At the start of the movie Dead Poet’s Society Mr. Keating says, “Carpe Diem, lads. Seize the day, make your lives extraordinary.” The scene is set in front of photos of men who died in the First World War, and he’s saying to them, “Don’t be boring. Don’t just waste your life, make your life extraordinary. Live on the edge.“
But the truth is in life these days we get into the day-to-day grind of raising families or a busy job or something. One of the things that can creep in is this comfort zone, which acts like a bubble. It can be hard to break out of, because it’s just so easy to stay just where you are and not really ever do something a little bit on the edge.
What we mean by living on the edge though, is not necessarily doing something crazy or dangerous. What it really means is to do things that give you significant energy, that break you from the normal bubble and put you into a space that I just kicks you out of the comfort zone.
And it’s not all the time, but it’s just things that put adrenaline back in the bloodstream.
There’s something in is all of us that’s calling us not to stay in our comfort zone constantly, to keep on going to the edge, whether in being the physical sense in our fitness, in our relationships.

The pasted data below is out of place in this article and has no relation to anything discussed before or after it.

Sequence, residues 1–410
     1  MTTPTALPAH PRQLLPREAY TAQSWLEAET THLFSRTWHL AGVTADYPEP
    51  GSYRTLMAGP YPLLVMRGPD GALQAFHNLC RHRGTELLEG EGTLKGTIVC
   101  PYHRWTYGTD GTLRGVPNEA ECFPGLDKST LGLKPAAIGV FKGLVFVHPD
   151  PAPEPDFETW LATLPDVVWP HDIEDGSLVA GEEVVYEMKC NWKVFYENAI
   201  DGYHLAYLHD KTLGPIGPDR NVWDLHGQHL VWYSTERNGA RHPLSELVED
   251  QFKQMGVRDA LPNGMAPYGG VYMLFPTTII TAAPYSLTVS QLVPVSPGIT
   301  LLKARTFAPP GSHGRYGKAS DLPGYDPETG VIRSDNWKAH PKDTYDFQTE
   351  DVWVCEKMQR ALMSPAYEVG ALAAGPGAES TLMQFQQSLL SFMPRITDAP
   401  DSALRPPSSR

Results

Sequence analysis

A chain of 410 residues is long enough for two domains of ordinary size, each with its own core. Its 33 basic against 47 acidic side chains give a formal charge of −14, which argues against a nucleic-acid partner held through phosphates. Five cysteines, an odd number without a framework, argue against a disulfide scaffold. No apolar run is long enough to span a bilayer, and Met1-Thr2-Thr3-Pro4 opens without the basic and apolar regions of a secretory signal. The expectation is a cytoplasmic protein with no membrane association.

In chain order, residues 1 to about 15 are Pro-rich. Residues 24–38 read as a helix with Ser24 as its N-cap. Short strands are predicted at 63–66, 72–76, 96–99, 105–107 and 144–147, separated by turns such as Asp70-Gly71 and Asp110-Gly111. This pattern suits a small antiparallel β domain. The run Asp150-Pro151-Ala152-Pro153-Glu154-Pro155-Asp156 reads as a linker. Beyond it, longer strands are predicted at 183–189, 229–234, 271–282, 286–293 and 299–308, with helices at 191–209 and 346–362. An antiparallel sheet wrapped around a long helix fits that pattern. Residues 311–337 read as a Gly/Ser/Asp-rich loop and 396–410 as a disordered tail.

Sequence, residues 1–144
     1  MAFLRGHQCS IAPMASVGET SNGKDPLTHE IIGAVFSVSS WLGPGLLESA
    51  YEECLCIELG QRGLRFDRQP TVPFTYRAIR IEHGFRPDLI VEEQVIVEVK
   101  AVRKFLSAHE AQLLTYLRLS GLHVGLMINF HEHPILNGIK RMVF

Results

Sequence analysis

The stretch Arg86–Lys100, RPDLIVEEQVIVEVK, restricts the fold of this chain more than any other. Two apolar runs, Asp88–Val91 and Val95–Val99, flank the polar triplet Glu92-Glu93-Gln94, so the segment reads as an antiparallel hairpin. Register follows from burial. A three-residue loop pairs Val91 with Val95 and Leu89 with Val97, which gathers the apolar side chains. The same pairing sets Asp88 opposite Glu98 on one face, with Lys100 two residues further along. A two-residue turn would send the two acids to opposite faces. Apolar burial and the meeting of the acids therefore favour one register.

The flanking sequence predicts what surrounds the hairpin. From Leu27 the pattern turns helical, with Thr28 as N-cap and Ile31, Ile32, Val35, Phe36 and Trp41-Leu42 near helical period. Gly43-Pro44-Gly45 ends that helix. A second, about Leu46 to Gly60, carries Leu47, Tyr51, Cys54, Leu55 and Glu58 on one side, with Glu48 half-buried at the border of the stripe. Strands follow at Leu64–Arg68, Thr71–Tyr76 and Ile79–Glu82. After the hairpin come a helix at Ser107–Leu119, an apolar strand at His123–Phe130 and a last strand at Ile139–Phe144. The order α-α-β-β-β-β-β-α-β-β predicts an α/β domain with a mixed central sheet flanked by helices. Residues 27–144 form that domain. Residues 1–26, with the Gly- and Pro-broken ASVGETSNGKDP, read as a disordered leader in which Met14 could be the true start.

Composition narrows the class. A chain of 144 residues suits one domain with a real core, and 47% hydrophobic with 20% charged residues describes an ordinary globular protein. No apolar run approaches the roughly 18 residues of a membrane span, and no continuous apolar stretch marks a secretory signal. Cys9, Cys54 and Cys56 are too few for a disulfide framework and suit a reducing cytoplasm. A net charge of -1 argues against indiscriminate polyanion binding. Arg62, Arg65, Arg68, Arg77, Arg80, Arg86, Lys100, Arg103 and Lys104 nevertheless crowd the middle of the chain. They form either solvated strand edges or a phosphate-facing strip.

It says, “I’m happy with being me, but I want to get out of the grand stand every now and then and get onto the playing field. I want to be stretching the boundary.” Because we know we don’t grow as a person in our own comfort zone. Edge work is where we actually grow. It’s when you run that extra kilometre, where you do that extra session at the gym, when you go into a difficult conversation. It’s those edge times when we actually grow.
There’s a great questions we should all ask ourselves:
“what does it mean to really live?”
Only you know when you’re living, when there’s excitement in your veins leading up to an event. When you maybe get a bit nervous about something, and you know that something means a lot to you.
It might be a big game of football or a big presentation. You know that you’re being challenged, and you can feel the energy. That’s what we’re talking about here. When was the last time you had real excitement, you had adrenaline running through your body? You were thinking, “Wow, this is going to be tough, it means a lot to me.”
If you haven’t had any excitement in your life, had anything that’s pumped adrenaline into your bloodstream for a while, you haven’t been to the gym and hit the boxing bag for another five minutes beyond what you’re capable of, and really felt like at the end of the session you fell onto the floor dead with tiredness, then you haven’t lived in a while.